Tutors: Tumpa Husna Yasmin Fellows (course leader), Eleni Han and Hocine Bougdah
Tumpa Husna Yasmin Fellows is a chartered architect and had over ten years’ experience working for London-based architecture practices, before co-founding the inter-disciplinary practice Our Building Design (in 2018) and the charity Mannan Foundation Trust (in 2012). She was awarded the Royal Institute of British Architects (RIBA) Rising Star Award in 2017 and she has received a commendation for the RIBA President’s Award for Research in 2019. She is a senior lecturer at the University of Westminster where she is also a PhD researcher undertaking practice-based research on architectural responses to the changing climate in Bangladesh.
Eleni Han: Currently a PhD researcher in Architecture and Photography, Eleni is an architectural designer, an educator and researcher on architecture, art and curation with a particular interest in space as a state as well as a construct.
Hocine Bougdah: runs a design consultancy practice alongside his academic role. His research interests cover topics including sustainable design, innovative low-tech/ low-energy buildings, spatial experience of users and issues of culture, urbanisation, and globalisation.
changing Climate – changing Landscape
Our studio will be exploring what role a designer plays in addressing the climate emergency and the social inequalities; how design can improve the lives of communities by inventing local responses to the changing climate.
The initial research and design will lead to exploring urban infrastructures that are directed towards coexisting with the natural and built environment.
While maintaining a particular focus on ecology, students are encouraged an explorative, experimentation in design which considers collective (human and non‐human) environments, landscapes, architectural responses and architectural technology.
The Site: Woolwich – River Thames
The students will begin by exploring the site’s interactions between the climate, topography, social and political economy that shaped the dynamic landscape of the river Thames in Woolwich (Royal Arsenal). The studio’s agenda will be to investigate the given site and to look beyond what is visible and to observe the ‘unseen’ to understand the character, quality and conditions of the site.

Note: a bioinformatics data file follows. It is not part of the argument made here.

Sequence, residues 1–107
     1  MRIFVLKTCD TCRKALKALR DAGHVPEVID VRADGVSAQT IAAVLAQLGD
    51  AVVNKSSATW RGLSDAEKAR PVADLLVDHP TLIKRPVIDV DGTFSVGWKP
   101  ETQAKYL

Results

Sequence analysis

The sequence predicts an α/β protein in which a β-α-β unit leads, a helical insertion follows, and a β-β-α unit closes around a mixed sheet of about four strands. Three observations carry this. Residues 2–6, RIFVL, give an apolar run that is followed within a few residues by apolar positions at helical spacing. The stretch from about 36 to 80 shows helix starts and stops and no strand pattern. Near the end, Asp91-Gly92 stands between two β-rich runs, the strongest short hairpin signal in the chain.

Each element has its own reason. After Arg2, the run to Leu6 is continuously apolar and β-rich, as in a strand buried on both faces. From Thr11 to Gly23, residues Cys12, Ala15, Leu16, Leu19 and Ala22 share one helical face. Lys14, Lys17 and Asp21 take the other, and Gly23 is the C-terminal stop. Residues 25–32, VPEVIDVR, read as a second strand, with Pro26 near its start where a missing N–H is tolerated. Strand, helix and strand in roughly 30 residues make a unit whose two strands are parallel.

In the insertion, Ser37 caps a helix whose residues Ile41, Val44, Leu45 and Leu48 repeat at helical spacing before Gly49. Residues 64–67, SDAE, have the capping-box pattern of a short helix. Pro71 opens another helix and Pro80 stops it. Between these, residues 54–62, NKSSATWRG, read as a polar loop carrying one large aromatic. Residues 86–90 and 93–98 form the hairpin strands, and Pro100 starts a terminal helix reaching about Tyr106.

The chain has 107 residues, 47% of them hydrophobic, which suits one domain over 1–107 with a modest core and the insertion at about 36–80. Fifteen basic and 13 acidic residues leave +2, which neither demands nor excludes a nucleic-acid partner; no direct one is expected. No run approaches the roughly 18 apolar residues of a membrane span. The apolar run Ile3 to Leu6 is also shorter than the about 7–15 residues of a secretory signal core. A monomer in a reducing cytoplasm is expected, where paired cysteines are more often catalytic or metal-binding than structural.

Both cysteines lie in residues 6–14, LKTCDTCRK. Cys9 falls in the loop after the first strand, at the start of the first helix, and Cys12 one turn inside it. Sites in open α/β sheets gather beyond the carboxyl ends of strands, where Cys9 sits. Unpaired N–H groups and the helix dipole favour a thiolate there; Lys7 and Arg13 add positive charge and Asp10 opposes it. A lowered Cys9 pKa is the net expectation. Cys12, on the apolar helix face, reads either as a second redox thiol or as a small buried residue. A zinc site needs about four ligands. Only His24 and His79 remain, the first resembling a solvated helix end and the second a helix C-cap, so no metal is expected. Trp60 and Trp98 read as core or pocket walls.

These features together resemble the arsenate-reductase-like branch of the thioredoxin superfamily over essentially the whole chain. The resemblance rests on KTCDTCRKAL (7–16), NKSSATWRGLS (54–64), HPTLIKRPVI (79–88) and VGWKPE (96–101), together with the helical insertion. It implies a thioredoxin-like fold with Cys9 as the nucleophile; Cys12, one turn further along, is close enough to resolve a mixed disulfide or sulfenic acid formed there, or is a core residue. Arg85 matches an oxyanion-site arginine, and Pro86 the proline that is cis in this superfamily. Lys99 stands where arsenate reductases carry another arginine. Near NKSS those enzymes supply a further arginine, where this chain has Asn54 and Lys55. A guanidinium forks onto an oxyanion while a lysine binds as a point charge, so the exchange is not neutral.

Leading to the proposal of the design interventions, to interact with the land, water, weather, climate and human and non‐human habitations. The students will undertake a series of design projects to be inventive and imaginative and construct through models and drawings in a range of scales, which will enable experimental design through collective adaptations to the changing climate and social transformation.
The design principles developed through the mapping of the site and the ‘designing by making’ exercises which will constitute the starting point for the final project of the year. The students will be required to design and fabricate a physical device to respond to the site and to understand the constraints of materials and technology. This project investigates the development of innovative architectural systems.
The design brief for this stage will be developed by increasing the scale on an urban site by the river edge at the Royal Arsenal, in Woolwich area of the Thames to design A Civic Space/ Community Dwelling / Public Place / Peoples’ Institution through a proposal of an Architectural landscape / Spatial Formalisation.
The proposal should be embedded within the community, to form an integral part of everyday life, beautifying and activating a public space.